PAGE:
June 8, 2021 - Haus der Kunst - Sweat
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June 8, 2021

Haus der Kunst

Daniel Lind-Ramos, Con-junto (The Ensemble), 2015. © Daniel Lind-Ramos. Photo: Pierre Le Hors.

António Ole, Carnaval da Vitória, 1978. © António Ole.

Jacolby Satterwhite, We Are In Hell When We Hurt Each Other (still), 2020. © Jacolby Satterwhite. Courtesy of the artist and Mitchell-Innes & Nash, New York.

Sweat
June 11, 2021–January 9, 2022

Haus der Kunst
Prinzregentenstrasse 1
80538 Munich
Germany
Hours: Wednesday–Monday 10am–6pm,
Thursday 10am–10pm,
Friday–Saturday 10am–8pm

T +49 89 21127113
mail@hausderkunst.de

hausderkunst.de
Instagram / Facebook / YouTube

What is
danced no one takes
it from me
I sweat the grease
of the city or the balm

In his performance Dancing Southward (2016–), Santiago Reyes dances his way across the city calling for an embodied shift of perspectives from dominant Western narratives. The only material trace of this movement is Reyes’s sweat-soaked T-shirt. Just as Reyes from time to time incorporates different urban spaces, and persistently resists a retreat into private space, sweat is a visible expression of life and transformation, as well as of confrontation and fear.

With this central image of sweat, which permeates inside and outside, body and spirit, the exhibition brings together works by 30 international artists. These artists respond to the climate of exclusion, oppression, and repression directed at origin, culture, class, gender, and sexuality with dynamic acts of self-determination. With physical and sensual forms of expression such as dance, performance, and music, they claim the right to plurality. In the process, the works themselves often become living archives and agents of cultural memory, perpetuating and revealing little-heard histories of resistance.

(…)
To the marimba and the quissange
to our carnival
we shall return
(…)

These are the solemn words of the first Angolan president, António Agostinho Neto, in António Ole's film Carnaval da Vitória (1978), at the reintroduction of the centuries-old street carnival in Luanda in 1978, three years after the country regained its independence from the former colonial power, Portugal. Ole’s documentary poetically captures this moment of departure and pursues the articulation of a specifically Angolan identity. Carnival, as a culturally hybrid practice of masquerade and dance that temporarily inverts existing power relations and occupies the street, is a recurring motif throughout the exhibition. In particular, the identity-forming significance of these celebrations for communities living in diaspora reverberates in many of the works.

(…)
Honey – Baby
You‘re at home
You‘re not alone

(…)

One of these works is Jacolby Satterwhite's video installation We are in Hell When We Hurt Each Other (2020). The question of what home is, and how it can manifest, lies at the heart of Jacolby Satterwhite's work. The artist’s mythic worlds incorporate sound recordings and animated drawings from his mother's artistic archive and weave together a multitude of references from Black pop and ballroom culture. Music, dance, and queer self-expression form a self-selected family, a spiritual "house."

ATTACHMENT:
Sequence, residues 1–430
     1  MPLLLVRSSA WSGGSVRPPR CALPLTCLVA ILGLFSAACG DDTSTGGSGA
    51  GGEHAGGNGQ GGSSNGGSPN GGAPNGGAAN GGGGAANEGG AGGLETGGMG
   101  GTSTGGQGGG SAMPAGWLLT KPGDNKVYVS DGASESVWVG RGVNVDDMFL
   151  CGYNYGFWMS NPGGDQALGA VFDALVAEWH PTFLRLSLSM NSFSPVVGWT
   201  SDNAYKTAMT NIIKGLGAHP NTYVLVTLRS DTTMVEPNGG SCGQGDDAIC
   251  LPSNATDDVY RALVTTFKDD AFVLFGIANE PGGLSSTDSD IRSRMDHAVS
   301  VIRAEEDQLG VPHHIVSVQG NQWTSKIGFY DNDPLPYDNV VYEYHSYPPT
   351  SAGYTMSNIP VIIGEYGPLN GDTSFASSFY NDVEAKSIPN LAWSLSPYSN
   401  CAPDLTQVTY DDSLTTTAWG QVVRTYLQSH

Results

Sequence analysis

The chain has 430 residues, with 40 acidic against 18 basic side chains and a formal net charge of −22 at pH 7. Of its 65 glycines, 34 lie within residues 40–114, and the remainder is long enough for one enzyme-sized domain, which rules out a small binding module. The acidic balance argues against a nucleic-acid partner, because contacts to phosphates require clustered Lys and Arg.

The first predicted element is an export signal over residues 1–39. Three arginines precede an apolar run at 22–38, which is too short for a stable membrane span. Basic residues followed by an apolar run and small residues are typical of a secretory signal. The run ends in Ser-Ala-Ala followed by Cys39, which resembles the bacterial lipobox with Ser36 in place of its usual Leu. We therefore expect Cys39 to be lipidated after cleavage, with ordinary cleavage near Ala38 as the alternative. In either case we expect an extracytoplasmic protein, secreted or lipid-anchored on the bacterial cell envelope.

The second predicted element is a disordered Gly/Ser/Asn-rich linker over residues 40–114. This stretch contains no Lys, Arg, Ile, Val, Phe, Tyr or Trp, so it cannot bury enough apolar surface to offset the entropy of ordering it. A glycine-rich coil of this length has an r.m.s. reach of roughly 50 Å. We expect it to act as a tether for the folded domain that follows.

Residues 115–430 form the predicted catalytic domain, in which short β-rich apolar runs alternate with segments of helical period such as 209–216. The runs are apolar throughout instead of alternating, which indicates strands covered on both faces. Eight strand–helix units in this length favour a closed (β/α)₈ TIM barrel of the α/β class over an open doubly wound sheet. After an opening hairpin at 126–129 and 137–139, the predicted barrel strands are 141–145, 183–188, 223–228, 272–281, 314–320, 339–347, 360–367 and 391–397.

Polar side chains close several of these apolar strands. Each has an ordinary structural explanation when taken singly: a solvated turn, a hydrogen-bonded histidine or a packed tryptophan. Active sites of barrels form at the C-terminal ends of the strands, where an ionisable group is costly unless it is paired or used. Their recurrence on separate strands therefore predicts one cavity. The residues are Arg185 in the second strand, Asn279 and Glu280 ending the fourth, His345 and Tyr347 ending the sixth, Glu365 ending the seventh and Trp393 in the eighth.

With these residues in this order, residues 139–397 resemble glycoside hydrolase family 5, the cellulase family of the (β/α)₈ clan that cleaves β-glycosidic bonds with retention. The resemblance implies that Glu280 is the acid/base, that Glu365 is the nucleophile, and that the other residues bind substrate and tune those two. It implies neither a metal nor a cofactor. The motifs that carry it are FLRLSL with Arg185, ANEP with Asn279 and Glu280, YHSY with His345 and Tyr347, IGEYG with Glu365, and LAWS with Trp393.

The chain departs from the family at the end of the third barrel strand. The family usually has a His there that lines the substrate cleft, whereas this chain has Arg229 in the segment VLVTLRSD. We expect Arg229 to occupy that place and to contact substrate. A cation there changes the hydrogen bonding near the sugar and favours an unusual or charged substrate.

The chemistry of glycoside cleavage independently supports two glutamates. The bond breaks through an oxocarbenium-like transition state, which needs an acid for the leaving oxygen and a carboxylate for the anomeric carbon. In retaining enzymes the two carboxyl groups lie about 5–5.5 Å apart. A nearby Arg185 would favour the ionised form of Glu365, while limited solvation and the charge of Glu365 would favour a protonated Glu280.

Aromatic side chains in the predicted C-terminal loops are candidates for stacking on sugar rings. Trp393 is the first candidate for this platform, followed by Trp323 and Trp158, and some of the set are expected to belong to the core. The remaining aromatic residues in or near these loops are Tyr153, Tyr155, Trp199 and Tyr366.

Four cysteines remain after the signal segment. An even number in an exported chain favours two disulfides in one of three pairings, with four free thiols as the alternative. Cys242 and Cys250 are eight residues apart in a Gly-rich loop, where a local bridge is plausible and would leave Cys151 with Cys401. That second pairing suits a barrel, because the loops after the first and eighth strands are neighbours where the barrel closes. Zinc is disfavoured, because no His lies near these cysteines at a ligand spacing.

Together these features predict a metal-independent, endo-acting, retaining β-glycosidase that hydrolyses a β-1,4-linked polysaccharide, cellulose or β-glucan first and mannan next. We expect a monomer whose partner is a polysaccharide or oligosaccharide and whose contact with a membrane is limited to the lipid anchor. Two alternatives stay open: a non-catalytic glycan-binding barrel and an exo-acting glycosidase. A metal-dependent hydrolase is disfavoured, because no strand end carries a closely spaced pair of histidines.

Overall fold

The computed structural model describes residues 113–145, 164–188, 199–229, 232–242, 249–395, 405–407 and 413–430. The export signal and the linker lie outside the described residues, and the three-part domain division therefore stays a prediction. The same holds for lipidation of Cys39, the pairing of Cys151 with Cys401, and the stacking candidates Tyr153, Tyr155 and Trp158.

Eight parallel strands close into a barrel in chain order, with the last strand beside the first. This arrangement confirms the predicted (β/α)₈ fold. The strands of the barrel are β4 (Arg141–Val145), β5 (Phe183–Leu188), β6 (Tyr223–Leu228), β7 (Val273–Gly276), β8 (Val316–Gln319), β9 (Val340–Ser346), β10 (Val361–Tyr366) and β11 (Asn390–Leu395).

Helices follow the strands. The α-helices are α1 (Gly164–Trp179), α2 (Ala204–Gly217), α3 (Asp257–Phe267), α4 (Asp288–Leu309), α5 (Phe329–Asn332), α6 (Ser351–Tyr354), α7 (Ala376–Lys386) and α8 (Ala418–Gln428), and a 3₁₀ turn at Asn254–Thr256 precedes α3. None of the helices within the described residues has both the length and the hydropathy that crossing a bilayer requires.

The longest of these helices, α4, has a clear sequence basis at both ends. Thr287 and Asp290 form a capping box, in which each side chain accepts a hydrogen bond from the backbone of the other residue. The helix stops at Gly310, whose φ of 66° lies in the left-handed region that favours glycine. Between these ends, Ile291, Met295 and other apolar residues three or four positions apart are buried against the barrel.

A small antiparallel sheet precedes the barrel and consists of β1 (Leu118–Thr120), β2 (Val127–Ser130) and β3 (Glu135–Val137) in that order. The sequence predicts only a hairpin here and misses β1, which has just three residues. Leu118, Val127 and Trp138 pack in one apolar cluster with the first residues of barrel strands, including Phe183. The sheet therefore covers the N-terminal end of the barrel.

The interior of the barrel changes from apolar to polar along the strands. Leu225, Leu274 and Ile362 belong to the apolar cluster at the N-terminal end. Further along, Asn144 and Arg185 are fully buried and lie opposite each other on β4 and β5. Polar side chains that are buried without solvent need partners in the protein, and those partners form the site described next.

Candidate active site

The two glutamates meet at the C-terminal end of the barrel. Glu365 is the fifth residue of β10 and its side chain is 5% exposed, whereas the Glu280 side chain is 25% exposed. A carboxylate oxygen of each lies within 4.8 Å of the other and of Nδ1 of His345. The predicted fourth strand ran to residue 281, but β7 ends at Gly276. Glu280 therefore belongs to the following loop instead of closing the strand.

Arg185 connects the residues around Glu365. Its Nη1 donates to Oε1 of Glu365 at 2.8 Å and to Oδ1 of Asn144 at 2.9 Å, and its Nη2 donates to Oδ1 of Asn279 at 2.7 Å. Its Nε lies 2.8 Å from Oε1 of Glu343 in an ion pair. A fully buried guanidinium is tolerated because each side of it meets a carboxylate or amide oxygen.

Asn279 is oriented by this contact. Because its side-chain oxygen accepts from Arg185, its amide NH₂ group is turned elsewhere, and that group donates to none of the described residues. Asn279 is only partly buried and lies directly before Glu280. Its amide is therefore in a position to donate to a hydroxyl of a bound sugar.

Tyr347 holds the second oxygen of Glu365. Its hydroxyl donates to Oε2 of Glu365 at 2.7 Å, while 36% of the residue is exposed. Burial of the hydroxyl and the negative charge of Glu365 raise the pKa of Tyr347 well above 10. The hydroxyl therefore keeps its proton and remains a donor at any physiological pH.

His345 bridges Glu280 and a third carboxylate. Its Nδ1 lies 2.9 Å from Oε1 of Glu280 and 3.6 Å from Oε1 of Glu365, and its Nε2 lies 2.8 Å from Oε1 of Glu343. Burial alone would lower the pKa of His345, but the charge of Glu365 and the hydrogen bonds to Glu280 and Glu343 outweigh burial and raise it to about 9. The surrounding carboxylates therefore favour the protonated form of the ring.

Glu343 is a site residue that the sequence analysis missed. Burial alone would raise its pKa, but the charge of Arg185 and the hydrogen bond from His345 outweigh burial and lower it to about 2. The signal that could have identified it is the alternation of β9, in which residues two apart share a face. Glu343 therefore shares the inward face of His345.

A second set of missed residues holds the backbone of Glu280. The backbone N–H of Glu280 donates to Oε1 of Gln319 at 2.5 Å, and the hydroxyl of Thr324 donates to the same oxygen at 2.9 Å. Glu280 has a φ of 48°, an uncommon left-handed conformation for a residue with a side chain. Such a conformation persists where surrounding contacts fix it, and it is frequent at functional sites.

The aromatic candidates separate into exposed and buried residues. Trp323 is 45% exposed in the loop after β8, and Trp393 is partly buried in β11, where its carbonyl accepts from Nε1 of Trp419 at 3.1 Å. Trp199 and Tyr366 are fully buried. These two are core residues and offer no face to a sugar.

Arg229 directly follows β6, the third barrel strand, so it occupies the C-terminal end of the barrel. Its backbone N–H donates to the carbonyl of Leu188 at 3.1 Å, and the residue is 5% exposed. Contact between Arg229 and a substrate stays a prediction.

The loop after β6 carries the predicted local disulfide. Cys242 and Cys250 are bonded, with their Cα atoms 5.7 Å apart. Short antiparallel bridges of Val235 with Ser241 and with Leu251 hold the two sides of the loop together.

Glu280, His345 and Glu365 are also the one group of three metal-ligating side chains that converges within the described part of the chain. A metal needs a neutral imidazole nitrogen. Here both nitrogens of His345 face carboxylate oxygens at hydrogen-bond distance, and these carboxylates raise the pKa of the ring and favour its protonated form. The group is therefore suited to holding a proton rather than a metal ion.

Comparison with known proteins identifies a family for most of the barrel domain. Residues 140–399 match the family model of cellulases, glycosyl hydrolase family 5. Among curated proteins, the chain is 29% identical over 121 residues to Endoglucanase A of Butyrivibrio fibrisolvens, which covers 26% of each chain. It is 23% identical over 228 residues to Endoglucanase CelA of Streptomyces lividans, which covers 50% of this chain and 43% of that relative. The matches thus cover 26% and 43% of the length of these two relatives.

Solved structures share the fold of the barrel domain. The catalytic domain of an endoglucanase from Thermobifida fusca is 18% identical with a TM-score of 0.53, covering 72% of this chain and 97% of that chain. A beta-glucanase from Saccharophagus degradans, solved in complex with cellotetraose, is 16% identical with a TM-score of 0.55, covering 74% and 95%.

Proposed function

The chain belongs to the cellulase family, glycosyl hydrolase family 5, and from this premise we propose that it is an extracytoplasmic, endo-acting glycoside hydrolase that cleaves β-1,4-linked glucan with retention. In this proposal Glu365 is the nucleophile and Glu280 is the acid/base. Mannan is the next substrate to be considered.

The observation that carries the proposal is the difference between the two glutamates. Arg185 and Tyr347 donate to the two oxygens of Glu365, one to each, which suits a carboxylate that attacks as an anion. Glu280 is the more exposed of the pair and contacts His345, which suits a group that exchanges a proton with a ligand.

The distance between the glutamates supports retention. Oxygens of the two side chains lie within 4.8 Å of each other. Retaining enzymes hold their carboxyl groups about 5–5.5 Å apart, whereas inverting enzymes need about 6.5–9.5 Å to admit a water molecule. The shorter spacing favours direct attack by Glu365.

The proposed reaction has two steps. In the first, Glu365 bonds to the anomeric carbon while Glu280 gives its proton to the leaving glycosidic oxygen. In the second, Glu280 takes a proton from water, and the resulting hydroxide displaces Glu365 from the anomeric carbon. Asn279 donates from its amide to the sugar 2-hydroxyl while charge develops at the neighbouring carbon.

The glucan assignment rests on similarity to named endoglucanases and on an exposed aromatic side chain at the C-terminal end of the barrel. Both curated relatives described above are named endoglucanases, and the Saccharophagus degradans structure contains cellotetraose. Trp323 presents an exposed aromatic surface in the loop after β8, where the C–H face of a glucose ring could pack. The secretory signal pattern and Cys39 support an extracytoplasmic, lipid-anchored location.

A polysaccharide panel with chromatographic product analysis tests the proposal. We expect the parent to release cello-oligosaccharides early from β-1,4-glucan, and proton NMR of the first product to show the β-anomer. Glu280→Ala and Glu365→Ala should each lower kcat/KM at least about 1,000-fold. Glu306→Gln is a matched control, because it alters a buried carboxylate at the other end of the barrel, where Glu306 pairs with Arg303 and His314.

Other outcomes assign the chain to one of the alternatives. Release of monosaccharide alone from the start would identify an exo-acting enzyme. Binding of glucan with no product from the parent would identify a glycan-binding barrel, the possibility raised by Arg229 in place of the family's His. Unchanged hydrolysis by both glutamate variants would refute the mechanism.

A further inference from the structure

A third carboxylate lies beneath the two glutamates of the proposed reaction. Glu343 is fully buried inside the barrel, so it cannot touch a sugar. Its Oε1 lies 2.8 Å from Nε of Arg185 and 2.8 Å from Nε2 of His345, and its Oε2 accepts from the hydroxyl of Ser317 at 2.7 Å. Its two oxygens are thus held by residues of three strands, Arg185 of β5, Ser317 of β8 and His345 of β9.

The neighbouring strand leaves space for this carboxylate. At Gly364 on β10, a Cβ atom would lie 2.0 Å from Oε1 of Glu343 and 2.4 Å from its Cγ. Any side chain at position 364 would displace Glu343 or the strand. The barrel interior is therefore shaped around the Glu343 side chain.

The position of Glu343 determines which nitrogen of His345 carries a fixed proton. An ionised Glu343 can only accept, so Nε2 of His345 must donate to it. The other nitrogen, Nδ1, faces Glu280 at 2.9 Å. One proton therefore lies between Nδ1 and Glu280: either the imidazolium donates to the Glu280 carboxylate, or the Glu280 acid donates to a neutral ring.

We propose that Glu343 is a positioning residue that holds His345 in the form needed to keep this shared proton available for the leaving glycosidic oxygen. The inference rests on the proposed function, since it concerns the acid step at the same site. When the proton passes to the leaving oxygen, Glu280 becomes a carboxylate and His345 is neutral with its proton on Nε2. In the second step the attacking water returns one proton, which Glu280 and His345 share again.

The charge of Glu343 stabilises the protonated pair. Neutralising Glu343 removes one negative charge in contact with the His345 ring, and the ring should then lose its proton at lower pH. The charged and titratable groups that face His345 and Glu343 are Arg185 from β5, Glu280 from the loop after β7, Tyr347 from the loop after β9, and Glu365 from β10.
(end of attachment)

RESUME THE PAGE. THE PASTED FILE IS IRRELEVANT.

Loveseat Prototype
*

Healing Hurts
*

Im not_kind

The exhibition also focusses on forms of healing that decenter the Western separation between body and mind and sensually reclaim the power of definition over one's own, female body. The humorous inversion of misogynoir stereotyping is echoed, for example, in Tschabalala Self's sculpture series Loveseat Prototype (2020), or in Tabita Rezaire's digital self-portraits, in which clichéd elements from pop culture rub against archetypal attributions to Black women. In her hacked American karaoke machine, Super Woman KTV (2019/20), Eisa Jocson has us repeat the mantra, "I’m not kind," recoding gendered notions.

In the intergenerational and transnational grouping, dialogues emerge between works of the recent present and seminal feminist, queer, and postcolonial artistic voices from the 1970s and 1980s. In this way, the view of a changing but continuous, multiply interwoven politics of the body comes into focus, granting visceral access to contemporary social discourses through the artistic languages that react to them.

With works by Pacita Abad, Cecilia Bengolea, Mary Beth Edelson, Mohamed Bourouissa, chameckilerner, Philipp Gufler, Sunil Gupta, Isaac Julien, Eisa Jocson, Daniel Lind-Ramos, Natalia LL, MAHKU (Movement of Huni Kuin Artists), MPA, Mulambö, António Ole, Santiago Reyes, Tabita Rezaire, Michele Rizzo, Guadalupe Rosales, Jacolby Satterwhite, Tschabalala Self, Tuesday Smillie, Christine Sun Kim, João Pedro Vales + Nuno Alexandre Ferreira, Kaylene Whiskey, Zadie Xa.

Curated by Anna Schneider and Raphael Fonseca; curatorial assistance: Elena Setzer.

Accompanying the exhibition is a publication produced by K-Verlag, with contributions by Olamiju Fajemisin, Raphael Fonseca, André Lepecki, Miguel A. López, Renée Mboya, Anna Schneider, Elena Setzer, Claire Tancons, and Helena Vieira.

On June 10 from 6–10pm and June 11 from 4–8pm, artist and choreographer MPA will activate works from the exhibition.

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